WASHINGTON – The Maryland congressional delegation, led by Senator Ben Cardin (D-Md.) and Congressman Steny Hoyer (D-Md.-05), today gathered for a roundtable discussion with experts from the Maryland Center on Economic Policy and Associated Black Charities to discuss potential federal policies that could help close the growing racial wealth gap in Maryland and nationwide. Lawmakers heard case studies of successful local and state partnerships, along with essential questions that can increase the likelihood of developing racially equitable policies. Public policy, historically, has played a role in both creating and dismantling structural and institutional barriers that disproportionately impact marginalized groups, including racial groups.
“Congress can do more to mitigate the widening of race-based income inequality by ensuring that quality education, housing and health care are available to all Americans regardless of race,” said Senator Cardin. “I thank my colleagues, as well as the Associated Black Charities and Maryland Center on Economic Policy, for taking time to share some of the proven ways to increase income and wealth for Marylanders, especially the minority community that has historically been locked out of so many of these foundational economic opportunities. Team Maryland recognizes that this is not a new phenomenon but the wealth gap has been growing and we must do all we can to knock down the institutional barriers that have helped perpetuate this divergence.”
“Increasing economic opportunities for all Marylanders is my top priority. We must continue to work together – at the federal, state, and local level – to make lasting changes to reduce inequality. The Maryland Center on Economic Policy and the Associated Black Charities are doing vital work to address this issue, and I appreciated the opportunity to join them in this discussion today,” said Senator Van Hollen.
“I appreciated the opportunity to join with my colleagues from Maryland in a wide-ranging discussion on ways we can work to close the racial wealth gap in our state,” said Congressman Hoyer. “Congress must be doing all that it can to ensure every American has access to economic opportunity, regardless of race or socioeconomic status. I will continue to work with my colleagues in the Delegation to break down barriers to opportunity for all Marylanders.”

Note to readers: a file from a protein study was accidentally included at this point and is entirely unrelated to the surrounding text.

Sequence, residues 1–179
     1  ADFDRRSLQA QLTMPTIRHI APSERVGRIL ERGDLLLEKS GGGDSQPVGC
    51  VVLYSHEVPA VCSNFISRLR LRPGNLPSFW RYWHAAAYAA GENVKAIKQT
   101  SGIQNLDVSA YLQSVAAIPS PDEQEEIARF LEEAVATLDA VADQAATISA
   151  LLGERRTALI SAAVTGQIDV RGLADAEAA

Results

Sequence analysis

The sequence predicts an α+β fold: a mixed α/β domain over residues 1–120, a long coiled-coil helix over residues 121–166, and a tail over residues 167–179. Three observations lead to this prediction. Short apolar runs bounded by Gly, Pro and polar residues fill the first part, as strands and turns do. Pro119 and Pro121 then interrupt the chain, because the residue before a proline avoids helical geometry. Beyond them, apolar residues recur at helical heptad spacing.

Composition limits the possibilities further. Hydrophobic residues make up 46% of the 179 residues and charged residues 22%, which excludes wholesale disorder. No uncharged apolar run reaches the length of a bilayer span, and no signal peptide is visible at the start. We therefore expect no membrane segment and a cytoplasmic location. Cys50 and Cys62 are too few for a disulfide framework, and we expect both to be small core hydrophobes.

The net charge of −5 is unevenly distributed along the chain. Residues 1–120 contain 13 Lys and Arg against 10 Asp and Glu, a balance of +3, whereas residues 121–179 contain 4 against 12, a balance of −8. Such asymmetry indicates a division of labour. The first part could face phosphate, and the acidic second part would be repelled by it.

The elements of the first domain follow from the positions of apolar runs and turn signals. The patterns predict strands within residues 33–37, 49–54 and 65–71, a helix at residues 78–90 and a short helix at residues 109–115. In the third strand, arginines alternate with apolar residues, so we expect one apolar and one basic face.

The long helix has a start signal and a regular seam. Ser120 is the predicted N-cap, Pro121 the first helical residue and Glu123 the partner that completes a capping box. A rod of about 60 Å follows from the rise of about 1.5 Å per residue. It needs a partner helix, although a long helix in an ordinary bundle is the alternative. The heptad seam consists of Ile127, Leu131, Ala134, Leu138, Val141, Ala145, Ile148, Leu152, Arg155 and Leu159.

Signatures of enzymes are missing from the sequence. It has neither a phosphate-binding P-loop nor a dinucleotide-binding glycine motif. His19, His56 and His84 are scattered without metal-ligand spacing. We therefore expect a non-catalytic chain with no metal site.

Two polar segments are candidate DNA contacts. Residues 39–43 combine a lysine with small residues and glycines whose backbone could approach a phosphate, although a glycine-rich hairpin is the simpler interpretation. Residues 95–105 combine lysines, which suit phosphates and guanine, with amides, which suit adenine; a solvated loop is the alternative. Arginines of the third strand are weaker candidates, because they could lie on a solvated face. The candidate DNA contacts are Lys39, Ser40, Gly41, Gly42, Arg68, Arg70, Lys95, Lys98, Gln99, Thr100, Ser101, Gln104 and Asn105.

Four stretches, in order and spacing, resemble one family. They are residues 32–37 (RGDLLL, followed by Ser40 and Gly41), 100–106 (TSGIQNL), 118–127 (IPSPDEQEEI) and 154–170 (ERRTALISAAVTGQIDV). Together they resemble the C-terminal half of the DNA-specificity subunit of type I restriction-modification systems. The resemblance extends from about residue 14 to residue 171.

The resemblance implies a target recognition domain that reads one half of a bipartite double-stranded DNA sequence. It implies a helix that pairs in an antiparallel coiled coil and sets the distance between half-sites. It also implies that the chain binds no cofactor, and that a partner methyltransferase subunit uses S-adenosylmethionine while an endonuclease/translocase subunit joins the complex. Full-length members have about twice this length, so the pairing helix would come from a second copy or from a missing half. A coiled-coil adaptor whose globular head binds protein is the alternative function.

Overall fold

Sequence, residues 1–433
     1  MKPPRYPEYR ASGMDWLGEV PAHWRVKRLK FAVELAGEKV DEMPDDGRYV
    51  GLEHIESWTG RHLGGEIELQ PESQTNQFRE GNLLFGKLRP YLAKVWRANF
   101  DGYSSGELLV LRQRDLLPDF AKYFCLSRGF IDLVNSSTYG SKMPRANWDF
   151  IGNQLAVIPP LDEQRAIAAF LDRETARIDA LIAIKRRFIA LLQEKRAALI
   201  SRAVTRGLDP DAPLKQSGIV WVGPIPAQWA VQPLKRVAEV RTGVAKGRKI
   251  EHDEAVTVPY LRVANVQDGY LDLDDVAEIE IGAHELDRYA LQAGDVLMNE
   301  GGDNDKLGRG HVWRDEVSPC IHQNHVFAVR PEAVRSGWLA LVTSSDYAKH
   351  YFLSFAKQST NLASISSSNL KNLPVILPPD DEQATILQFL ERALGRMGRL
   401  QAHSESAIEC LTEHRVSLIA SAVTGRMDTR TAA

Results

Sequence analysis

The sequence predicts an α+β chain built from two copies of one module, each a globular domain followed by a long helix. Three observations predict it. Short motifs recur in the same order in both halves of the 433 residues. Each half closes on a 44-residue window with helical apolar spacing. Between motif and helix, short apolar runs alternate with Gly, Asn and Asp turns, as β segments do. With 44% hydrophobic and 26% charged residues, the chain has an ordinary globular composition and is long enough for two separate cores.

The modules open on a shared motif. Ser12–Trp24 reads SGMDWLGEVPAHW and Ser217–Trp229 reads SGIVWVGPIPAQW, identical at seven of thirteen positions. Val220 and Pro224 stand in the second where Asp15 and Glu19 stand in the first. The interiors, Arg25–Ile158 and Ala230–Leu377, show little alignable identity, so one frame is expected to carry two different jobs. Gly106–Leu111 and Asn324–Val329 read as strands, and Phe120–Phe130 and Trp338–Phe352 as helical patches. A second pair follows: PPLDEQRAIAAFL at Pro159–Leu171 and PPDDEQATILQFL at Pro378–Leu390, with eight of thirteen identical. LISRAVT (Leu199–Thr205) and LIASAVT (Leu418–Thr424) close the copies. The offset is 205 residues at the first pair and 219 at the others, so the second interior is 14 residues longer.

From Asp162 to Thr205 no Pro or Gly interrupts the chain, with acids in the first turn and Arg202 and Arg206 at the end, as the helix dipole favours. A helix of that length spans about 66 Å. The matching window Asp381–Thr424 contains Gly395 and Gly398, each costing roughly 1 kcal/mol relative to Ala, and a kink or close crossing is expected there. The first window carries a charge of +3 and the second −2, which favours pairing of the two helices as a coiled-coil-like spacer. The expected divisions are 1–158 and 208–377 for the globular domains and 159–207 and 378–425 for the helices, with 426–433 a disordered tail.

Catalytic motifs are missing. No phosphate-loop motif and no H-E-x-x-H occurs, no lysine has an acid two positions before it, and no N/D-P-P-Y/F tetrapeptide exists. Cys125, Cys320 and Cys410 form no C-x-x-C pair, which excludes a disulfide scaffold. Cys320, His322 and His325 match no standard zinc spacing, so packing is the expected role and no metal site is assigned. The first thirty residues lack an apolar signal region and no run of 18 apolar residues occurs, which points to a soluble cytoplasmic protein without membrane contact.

“Not only do minority families earn less, studies show it’s often harder for them to get bank loans, rent homes and buy health insurance,” said Congressman Dutch Ruppersberger (D-Md.-02). “Public policy undoubtedly has a role in creating these barriers to the American Dream for certain groups, and public policy can play a role in fixing it. All lawmakers are called to honor a commitment to fairness and equality.”
“Too often, minority communities in Maryland and around the country are locked out of good-paying jobs, high-quality education, affordable health care and the chance to fully participate in our democracy,” said Congressman John Sarbanes (D-Md.-03). “We must eliminate these barriers – wherever they exist – and improve outcomes and opportunities for every community in America. It was encouraging to meet with leaders in Maryland today to discuss these important issues and highlight key policies and reforms that can help create a more just and equitable nation.”
“We must do more across the nation to reverse the racial wealth gap, and Maryland should be at the forefront of that effort. As policymakers, we should ensure we’re putting in place the systems necessary to promote economic equality and broaden opportunity for all of our communities,” said Congressman John Delaney (D-Md.-06). “I’m grateful to the Maryland Center on Economic Policy and Associated Black Charities for today’s discussion and leading on this critical issue.”
“From segregation in federal housing and the armed forces to race discrimination in farm policy and federal employment, the U.S. government was a key and deliberate actor in promoting apartheid in America over the course of our history,” said Congressman Jamie Raskin (D-Md.-08). “We have made dramatic progress in our country only at times — like the Civil War, Reconstruction and the Great Society — when Congress and the federal government champion racial justice and economic opportunity and inclusion for all. We need a resurgence of federal action to make America its best self.”
“Far too many people of color are still not participating in our state’s growth or benefiting from our nation’s success, and this racial injustice impacts us all,” said Congressman Elijah E. Cummings (D-Md.-07). “We must address the effects of historically unjust public policy and implement inclusive strategies that will empower disenfranchised communities and narrow the wealth gap.”
“The Maryland congressional delegation once again proves how far ahead they are in their thinking and desire to maintain Maryland as a competitive state by exploring the use tools that provide a racial equity framework,” said Diane Bell-McKoy, President and CEO of Associated Black Charities. “We know with the increasing and projected demographic growth of Brown and Black people in Maryland and across the country, it will be important that our policies support their economic advancement which in turn benefits all of Maryland’s citizens.”
“Our economy will be stronger if everybody has a chance to succeed. We have a long history in this country of public policies that have created barriers to success for certain groups,” said Benjamin Orr, Executive Director, Maryland Center on Economic Policy. “Analyzing the policies we have today and policies proposed in the future using an equity lens is the only way we can ensure we’re removing those barriers and working towards a future with broadly shared prosperity.”